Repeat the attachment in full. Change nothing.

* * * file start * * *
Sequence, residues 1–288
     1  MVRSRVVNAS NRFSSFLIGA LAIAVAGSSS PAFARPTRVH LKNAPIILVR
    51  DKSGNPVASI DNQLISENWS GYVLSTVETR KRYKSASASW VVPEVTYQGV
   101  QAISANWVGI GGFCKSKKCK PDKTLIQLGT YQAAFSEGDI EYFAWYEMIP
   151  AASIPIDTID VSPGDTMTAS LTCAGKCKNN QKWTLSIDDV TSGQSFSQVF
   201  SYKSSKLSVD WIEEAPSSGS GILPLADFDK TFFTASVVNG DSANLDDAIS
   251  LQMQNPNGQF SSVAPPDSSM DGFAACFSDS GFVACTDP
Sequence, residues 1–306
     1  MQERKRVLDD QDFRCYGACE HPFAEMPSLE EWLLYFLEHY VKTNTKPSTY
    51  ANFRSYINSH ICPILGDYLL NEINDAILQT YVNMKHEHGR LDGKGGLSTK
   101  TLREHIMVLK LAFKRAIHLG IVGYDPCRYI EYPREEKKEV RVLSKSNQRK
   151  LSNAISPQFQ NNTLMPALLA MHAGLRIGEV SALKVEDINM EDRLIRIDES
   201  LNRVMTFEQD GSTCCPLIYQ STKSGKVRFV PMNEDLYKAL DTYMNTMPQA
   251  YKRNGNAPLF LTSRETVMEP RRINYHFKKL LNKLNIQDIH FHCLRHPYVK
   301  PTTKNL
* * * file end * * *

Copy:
Sequence, residues 1–288
     1  MVRSRVVNAS NRFSSFLIGA LAIAVAGSSS PAFARPTRVH LKNAPIILVR
    51  DKSGNPVASI DNQLISENWS GYVLSTVETR KRYKSASASW VVPEVTYQGV
   101  QAISANWVGI GGFCKSKKCK PDKTLIQLGT YQAAFSEGDI EYFAWYEMIP
   151  AASIPIDTID VSPGDTMTAS LTCAGKCKNN QKWTLSIDDV TSGQSFSQVF
   201  SYKSSKLSVD WIEEAPSSGS GILPLADFDK TFFTASVVNG DSANLDDAIS
   251  LQMQNPNGQF SSVAPPDSSM DGFAACFSDS GFVACTDP
Sequence, residues 1–306
     1  MQERKRVLDD QDFRCYGACE HPFAEMPSLE EWLLYFLEHY VKTNTKPSTY
    51  ANFRSYINSH ICPILGDYLL NEINDAILQT YVNMKHEHGR LDGKGGLSTK
   101  TLREHIMVLK LAFKRAIHLG IVGYDPCRYI EYPREEKKEV RVLSKSNQRK
   151  LSNAISPQFQ NNTLMPALLA MHAGLRIGEV SALKVEDINM EDRLIRIDES
   201  LNRVMTFEQD GSTCCPLIYQ STKSGKVRFV PMNEDLYKAL DTYMNTMPQA
   251  YKRNGNAPLF LTSRETVMEP RRINYHFKKL LNKLNIQDIH FHCLRHPYVK
   301  PTTKNL